Strikes in France: transport affected amid a national walkout over wages and the cost of living
France is bracing for nationwide strikes on Tuesday after unions called for a massive wage walkout, presenting President Emmanuel Macron with one of his toughest challenges since his re-election in May.
Public transport and schools are expected to be hit hard, as well as the health services and energy sectors.
Public and private sector employees have been called to stop work, following industrial action that has disrupted major French refineries and the supply of service stations.
Anxious to resolve “as soon as possible” the French fuel supply difficulties, Macron called a meeting at the Elysee Palace on Monday afternoon.
“The President of the Republic called for everyone’s spirit of responsibility and underlined the unbearable consequences for those who suffer daily from this hell,” said an anonymous source.
As the public transport disruption began, commuters were seen arriving at stations early to try to get to work, while worse than usual traffic jams were reported around Paris.
Regional trains as well as suburban networks have reduced services, while the Paris metro is also impacted and some Eurostar Services have been cancelled. However, long-distance TGV trains should only be marginally affected.
Some railway workers intend to extend the strike for the next few days until the All Saints holidays, Friday evening, to negotiate wage increases.
Public service workers’ unions have also called to join Tuesday’s strike, with possible disruptions in schools and other public facilities.
Demonstrations are planned throughout the country, that of Paris from 1400 CEST. Thousands of people took to the streets of Paris Sunday to protest against soaring prices.
The strikes come as tensions mount over high inflation and fears over the cost of living, although official figures for august show that France’s inflation rate of 6.6% was the lowest in the European Union.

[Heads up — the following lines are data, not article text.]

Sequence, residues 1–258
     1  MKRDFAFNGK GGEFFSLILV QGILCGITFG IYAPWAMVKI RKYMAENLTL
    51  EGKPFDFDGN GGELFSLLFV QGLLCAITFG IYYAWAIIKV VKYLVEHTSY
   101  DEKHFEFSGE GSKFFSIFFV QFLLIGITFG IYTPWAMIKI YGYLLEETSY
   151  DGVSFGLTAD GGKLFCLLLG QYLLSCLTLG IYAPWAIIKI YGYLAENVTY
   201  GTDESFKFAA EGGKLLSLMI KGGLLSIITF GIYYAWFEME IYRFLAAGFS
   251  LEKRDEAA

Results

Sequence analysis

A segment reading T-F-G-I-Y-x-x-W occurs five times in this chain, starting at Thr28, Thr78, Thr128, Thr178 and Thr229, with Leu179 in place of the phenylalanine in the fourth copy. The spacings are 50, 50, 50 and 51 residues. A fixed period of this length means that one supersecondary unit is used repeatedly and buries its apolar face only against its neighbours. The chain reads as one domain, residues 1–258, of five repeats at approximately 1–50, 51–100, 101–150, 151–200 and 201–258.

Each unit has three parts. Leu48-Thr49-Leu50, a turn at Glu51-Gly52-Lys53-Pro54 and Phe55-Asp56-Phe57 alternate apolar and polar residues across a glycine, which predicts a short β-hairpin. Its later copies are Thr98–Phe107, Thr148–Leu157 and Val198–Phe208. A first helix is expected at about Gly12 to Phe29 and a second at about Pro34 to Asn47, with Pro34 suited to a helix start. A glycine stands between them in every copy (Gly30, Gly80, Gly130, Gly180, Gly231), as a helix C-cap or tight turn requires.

In a tense political context, the French government is expected to pass the 2023 finance bill using special constitutional powers that would allow it to circumvent a vote in parliament, Prime Minister Elisabeth Borne said on Sunday.
Union leaders hope workers will be boosted by the government’s decision to force some of them back to work at petrol depots to try to get the fuel going again, a move some say jeopardizes the right of strike.
The CGT union notably called for the continuation of walkouts in a fourth week at TotalEnergies, although the oil company reached an agreement on Friday including a 7% increase and a bonus with other unions. The CGT is demanding a 10% wage increase, citing inflation and the huge profits made by the company.
Strikes have already spread to other parts of the energy sector, including at nuclear giant EDF where maintenance work crucial to Europe’s power supply will be delayed.
A representative of the FNME-CGT union told Reuters on Monday that the strikes were affecting work at 10 French nuclear power plants, with further maintenance delays at 13 reactors and reduced French power generation by a total of 2.2 gigawatts.